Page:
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In PostgreSQL, I use the now() and current_timestamp function and I see no difference:

# SELECT now(), current_timestamp;
              now               |              now               
--------------------------------+--------------------------------
 04/20/2014 19:44:27.215557 EDT | 04/20/2014 19:44:27.215557 EDT
(1 row)

Am I missing something?

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1 Answer 1

up vote 2 down vote accepted

There is no difference. Three quotes from the documentation:

1)

These SQL-standard functions all return values based on the start time of the current transaction:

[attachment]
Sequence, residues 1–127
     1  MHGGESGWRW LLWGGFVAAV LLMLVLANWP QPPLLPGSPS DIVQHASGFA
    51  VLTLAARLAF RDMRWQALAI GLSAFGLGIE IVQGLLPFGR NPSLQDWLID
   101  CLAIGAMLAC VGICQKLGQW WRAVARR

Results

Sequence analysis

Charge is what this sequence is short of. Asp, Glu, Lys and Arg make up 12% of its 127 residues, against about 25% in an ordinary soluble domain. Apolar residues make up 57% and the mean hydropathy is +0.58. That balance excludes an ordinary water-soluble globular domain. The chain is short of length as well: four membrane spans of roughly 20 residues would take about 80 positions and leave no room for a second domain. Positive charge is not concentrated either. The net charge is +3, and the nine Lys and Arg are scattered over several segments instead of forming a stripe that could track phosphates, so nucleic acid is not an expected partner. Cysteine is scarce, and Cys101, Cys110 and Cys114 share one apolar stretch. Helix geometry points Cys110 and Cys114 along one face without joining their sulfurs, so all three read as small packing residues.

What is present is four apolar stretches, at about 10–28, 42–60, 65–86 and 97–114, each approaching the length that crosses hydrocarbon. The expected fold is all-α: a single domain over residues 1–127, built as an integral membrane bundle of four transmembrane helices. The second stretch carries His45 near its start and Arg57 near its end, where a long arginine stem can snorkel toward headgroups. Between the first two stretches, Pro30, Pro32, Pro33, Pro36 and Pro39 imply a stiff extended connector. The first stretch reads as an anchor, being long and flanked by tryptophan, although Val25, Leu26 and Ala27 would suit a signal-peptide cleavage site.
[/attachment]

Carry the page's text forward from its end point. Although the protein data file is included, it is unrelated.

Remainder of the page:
...
CURRENT_TIMESTAMP
...

2)

transaction_timestamp() is equivalent to CURRENT_TIMESTAMP, but is named to clearly reflect what it returns.

3)

now() is a traditional PostgreSQL equivalent to transaction_timestamp().

Bold emphasis mine.

So, basically, CURRENT_TIMESTAMP, transaction_timestamp() and now() do exactly the same. CURRENT_TIMESTAMP is a syntactical oddity for a function, having no trailing pair of parentheses. That's according to the SQL standard.

If you don't declare a column alias for a function call in an SQL statement (where one is required), the alias defaults to the name of the function. Internally, the standard-SQL CURRENT_TIMESTAMP is implemented with now(), and that shows when you look at the default column alias.

transaction_timestamp() does the same, but this one is a proper Postgres function, so the default alias transaction_timestamp is assigned.

SQL Fiddle.

Careful when working with JDBC (like SQL Fiddle does). Unlike psql or pgAdmin it can't handle multiple columns with the same name in the result set and only returns the first one for each set ...

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